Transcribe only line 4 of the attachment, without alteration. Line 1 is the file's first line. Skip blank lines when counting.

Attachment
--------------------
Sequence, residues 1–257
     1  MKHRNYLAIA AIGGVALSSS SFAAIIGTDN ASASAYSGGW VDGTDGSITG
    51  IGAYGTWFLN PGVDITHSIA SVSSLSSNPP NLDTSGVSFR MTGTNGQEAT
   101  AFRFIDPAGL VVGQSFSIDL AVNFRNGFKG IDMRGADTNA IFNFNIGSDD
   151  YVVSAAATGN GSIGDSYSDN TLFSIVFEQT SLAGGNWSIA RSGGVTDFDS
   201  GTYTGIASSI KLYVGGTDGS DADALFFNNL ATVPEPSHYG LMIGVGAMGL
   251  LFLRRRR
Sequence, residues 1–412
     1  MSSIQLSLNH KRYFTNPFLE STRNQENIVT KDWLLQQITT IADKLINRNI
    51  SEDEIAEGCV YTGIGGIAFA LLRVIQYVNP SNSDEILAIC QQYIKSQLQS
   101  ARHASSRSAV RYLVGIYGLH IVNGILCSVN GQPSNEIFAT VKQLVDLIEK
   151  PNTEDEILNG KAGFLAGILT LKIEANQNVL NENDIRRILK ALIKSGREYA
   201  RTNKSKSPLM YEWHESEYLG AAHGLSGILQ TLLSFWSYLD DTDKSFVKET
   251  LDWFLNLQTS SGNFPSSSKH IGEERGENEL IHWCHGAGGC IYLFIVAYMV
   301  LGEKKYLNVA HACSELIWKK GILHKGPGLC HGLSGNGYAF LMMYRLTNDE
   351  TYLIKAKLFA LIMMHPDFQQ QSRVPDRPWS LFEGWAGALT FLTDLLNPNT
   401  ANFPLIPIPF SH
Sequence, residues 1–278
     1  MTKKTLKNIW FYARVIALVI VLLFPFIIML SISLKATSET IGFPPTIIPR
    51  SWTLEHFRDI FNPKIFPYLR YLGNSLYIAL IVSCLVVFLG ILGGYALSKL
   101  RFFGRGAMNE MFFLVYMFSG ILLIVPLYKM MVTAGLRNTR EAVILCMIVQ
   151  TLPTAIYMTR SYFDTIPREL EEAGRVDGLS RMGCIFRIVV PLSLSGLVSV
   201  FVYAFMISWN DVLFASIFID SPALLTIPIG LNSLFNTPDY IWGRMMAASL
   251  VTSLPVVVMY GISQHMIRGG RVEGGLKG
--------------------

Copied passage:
   101  AFRFIDPAGL VVGQSFSIDL AVNFRNGFKG IDMRGADTNA IFNFNIGSDD